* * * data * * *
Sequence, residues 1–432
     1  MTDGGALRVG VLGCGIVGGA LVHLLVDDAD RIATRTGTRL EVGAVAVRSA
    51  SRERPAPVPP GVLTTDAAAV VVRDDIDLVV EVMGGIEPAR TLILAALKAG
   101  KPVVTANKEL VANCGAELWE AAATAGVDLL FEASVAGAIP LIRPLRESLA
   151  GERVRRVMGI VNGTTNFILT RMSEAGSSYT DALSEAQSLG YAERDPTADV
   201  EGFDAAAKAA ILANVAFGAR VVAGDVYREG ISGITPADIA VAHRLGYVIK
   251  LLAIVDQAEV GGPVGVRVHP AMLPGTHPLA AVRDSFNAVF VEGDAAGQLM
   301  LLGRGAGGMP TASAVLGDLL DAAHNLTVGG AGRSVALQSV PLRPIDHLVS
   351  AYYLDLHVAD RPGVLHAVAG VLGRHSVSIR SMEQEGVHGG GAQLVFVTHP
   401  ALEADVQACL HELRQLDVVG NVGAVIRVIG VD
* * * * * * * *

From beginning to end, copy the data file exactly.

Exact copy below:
Sequence, residues 1–432
     1  MTDGGALRVG VLGCGIVGGA LVHLLVDDAD RIATRTGTRL EVGAVAVRSA
    51  SRERPAPVPP GVLTTDAAAV VVRDDIDLVV EVMGGIEPAR TLILAALKAG
   101  KPVVTANKEL VANCGAELWE AAATAGVDLL FEASVAGAIP LIRPLRESLA
   151  GERVRRVMGI VNGTTNFILT RMSEAGSSYT DALSEAQSLG YAERDPTADV
   201  EGFDAAAKAA ILANVAFGAR VVAGDVYREG ISGITPADIA VAHRLGYVIK
   251  LLAIVDQAEV GGPVGVRVHP AMLPGTHPLA AVRDSFNAVF VEGDAAGQLM
   301  LLGRGAGGMP TASAVLGDLL DAAHNLTVGG AGRSVALQSV PLRPIDHLVS
   351  AYYLDLHVAD RPGVLHAVAG VLGRHSVSIR SMEQEGVHGG GAQLVFVTHP
   401  ALEADVQACL HELRQLDVVG NVGAVIRVIG VD